City fails to notify public of workshop, violates OPMA

The Langley City Council appears to have violated the Open Public Meeting Act (OPMA) at a recent workshop meeting.

One of the OPMA’s four requirements for special meetings — posting notice of the meeting at city hall — was not met 24 hours before the Jan. 26 workshop. City Clerk/Treasurer Debbie Mahler wrote in an email to Langley resident David Price Thursday that the city “did not do the outside postings this time.”

Toby Nixon, president of the Washington Coalition for Open Government, said Mahler’s admission indicates a breach of state laws.

“If this was a special meeting and the notice wasn’t posted at city hall, and they admit they didn’t post it, then that’s a violation for sure,” Nixon wrote in an email. “It would be hard to prove they didn’t post the notice if nobody checked, but if they admit no notice was posted, well, then, the job is done.”

Mahler said Friday morning that she sent the notice of the meeting to a staff member for posting, but there was “an apparent misunderstanding.”

“We have a very high workload and a very limited staff,” Mahler said. “We are human and humans sometimes make mistakes.

Any actions taken at an illegal meeting are null, according to RCW 42.030.060. Mayor Tim Callison, however, said no votes or actions were taken at the workshop to discuss the process and policies of tourism funding.

He did not acknowledge whether the city violated state laws.

“I would have to spend time looking into the matter,” Callison said. “I don’t think it’s worth my time.”

Asked to elaborate, Callison said the meeting did not rise above the discussion level. He added that if the city did drop the ball, it will create safeguards to ensure it doesn’t happen again.

“We try our best to follow the law and do the informational postings on all things,” Callison said. “We’re a small staff. If there was a mistake than I apologize on behalf of the city. We’re humans and we work processes and sometimes things don’t work the way they’re supposed to. There was no intention of keeping it a secret.”

Nixon said a violation, which could result in a $500 fine for each public official under state statute, can only be enforced if a lawsuit is filed.

The workshop was originally scheduled at the council’s regular monthly meeting Jan. 16.

All four of the council members who attended the workshop — Christy Korrow, Peter Morton, Ursula Shoudy and Dominique Emerson — said they were unaware the city did not post the meeting at city hall; Councilman Bruce Allen was not present.

They are also unified in their belief that the city did not intend to deceive the public and that state laws should be followed.

“It’s obvious that we all agree that we need to be in compliance,” Korrow said. “It’s a state law. There is no gray area.”

Langley resident David Price, a First Street business owner, attended the meeting. He’s been a vocal critic of the city’s public process and voiced displeasure with what he saw to be a lack of community involvement in discussions about changing parking from angled to parallel on First Street.

Price said it was important the public attended because the tourism fund is a “pretty large discretionary fund” without a committee overseeing how it is allocated.

“There’s a lot of people who think that the way that money is distributed is not fair and that different groups are held to a different standard,” Price said.

Korrow and Emerson said the council discussed the idea of creating an ad hoc committee that would set criteria for how funds are distributed at the workshop.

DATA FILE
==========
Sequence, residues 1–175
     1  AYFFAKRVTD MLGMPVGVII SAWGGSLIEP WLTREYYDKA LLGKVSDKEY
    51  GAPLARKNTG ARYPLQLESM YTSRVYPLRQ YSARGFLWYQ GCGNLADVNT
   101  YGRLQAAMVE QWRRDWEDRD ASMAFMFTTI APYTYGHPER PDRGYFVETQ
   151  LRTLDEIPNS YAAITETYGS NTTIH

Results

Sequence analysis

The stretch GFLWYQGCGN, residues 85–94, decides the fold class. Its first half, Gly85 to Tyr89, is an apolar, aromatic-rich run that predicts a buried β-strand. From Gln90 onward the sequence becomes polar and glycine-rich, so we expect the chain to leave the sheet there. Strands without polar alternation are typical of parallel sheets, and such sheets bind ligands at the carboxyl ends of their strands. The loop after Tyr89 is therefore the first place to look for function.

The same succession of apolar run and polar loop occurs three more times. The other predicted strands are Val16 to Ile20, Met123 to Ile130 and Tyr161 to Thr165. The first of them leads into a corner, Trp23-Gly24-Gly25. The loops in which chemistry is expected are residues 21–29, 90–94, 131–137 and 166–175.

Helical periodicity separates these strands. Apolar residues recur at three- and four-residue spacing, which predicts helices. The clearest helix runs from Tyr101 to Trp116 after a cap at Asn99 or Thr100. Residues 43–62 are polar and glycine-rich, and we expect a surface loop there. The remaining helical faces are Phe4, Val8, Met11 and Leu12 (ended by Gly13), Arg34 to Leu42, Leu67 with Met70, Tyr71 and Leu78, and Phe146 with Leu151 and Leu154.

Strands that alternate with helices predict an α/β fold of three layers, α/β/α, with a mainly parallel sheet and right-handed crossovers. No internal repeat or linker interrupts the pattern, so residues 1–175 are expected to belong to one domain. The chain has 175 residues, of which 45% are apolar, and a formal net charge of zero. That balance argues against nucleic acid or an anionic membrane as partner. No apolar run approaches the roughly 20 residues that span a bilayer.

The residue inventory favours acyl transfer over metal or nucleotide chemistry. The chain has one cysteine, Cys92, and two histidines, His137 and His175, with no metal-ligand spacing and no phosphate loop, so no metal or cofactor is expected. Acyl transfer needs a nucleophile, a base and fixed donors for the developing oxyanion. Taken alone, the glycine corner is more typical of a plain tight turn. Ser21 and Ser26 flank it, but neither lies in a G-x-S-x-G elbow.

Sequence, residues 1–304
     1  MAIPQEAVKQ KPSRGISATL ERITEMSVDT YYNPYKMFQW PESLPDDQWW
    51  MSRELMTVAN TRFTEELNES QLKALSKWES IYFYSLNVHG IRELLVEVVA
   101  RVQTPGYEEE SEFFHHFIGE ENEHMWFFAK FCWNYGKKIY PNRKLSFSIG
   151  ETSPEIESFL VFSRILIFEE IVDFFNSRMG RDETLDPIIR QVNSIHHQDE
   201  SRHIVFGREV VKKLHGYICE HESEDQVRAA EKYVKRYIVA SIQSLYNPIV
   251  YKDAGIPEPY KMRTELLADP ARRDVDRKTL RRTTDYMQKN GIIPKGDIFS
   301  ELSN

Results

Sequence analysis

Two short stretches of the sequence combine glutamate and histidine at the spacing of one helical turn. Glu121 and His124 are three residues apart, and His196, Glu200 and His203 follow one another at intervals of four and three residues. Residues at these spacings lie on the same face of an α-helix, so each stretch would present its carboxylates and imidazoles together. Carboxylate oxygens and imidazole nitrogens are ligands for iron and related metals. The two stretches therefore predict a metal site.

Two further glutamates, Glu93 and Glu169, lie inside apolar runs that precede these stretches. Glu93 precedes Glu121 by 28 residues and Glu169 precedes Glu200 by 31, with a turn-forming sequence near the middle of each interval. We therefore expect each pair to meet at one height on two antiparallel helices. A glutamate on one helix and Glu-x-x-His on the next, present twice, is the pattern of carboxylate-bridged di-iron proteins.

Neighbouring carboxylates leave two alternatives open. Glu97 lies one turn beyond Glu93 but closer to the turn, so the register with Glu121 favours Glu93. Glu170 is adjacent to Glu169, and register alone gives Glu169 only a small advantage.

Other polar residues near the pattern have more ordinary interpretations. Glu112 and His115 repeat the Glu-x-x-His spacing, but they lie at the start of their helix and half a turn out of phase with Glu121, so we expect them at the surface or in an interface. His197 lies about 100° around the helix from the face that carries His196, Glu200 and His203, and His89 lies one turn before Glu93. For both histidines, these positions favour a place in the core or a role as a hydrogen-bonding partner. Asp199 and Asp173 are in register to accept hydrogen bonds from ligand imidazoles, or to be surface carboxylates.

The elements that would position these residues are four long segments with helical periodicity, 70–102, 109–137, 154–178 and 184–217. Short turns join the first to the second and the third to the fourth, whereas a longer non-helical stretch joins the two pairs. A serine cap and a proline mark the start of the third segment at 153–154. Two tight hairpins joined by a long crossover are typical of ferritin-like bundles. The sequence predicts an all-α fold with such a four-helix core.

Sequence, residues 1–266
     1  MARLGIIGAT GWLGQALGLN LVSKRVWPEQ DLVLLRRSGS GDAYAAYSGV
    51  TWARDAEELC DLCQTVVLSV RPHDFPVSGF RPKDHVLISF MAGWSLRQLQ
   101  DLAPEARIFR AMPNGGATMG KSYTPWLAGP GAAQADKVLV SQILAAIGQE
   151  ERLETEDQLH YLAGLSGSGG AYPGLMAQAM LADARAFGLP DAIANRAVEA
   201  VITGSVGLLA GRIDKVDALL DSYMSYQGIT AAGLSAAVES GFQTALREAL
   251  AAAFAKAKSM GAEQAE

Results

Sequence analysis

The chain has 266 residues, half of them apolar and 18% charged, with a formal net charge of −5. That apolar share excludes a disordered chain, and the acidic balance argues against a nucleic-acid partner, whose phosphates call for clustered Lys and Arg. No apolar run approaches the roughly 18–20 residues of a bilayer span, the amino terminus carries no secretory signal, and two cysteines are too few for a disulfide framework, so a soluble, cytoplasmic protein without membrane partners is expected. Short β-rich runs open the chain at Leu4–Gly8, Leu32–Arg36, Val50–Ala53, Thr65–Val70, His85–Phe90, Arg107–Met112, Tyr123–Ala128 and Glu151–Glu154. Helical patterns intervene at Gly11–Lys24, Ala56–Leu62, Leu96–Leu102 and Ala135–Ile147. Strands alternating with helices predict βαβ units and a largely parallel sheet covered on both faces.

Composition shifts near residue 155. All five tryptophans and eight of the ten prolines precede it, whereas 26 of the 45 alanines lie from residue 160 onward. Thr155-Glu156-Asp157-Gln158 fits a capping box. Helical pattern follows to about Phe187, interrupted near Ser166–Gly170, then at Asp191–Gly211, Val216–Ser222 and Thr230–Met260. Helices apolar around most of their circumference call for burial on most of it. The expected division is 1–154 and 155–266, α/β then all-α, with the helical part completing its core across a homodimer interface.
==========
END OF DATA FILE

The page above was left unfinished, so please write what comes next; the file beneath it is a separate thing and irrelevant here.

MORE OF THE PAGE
Price claims only two organizations, the Langley Chamber of Commerce and Langley Main Street Association, were informed of the meeting. He says both have a stake in how the funding is allocated, but argued that those “whose livelihoods are tied to the tourist industry” should also have been properly notified.

The meeting’s time and date was not on the city’s website the day of the meeting, Jan. 26. Mahler said the notice was posted, but that it disappeared from the website which has a history of malfunctioning. She added the city does not have one employee who post to the website, but several who have other responsibilities as well.

Price said he wants to ensure all future council, committee and citizen board meetings are open to the public and comply with the OPMA.

Mahler reiterated that nothing about the mishap was nefarious.

“The meeting wasn’t hidden,” Mahler wrote. “We made an error and did not get it posted outside, but obviously people knew about it. The person who is complaining knew about the meeting and was present for it. Most of the entities that provide tourism services for Langley were present at the meeting and the council took no action at the workshop. This really is not some big scandal.”

More in News

Roll the dice for charity at bunco event

Guild 21 of Providence General Children’s Association is hosting its 14th annual… Continue reading

Community weaves together fundraiser after fiber theft

In late February, Lydia Christiansen and her husband Alan woke up to… Continue reading

Navy extends comment period on special ops training

The area where the Navy conducts special operations training may be expanded… Continue reading

School violence topic of public forum

Students to lead discussion at WICA talk

Beyond the classroom

Waldorf students match with mentors for life lessons

Teenager sentenced for house fire

A teenager who accidentally started a fire that destroyed a Honeymoon Bay… Continue reading

Port gets $500k for parking lot in Mukilteo

Curt Gordon’s decade-long mission to build a parking lot is finally getting… Continue reading

Goat University not kidding around

Covering goats from head to tail

Ignacio Rivera appears in Island County Superior Court.
Man accused of biting off part of victim’s ear

A South Whidbey love triangle led to “a brutal beating” in which… Continue reading

Most Read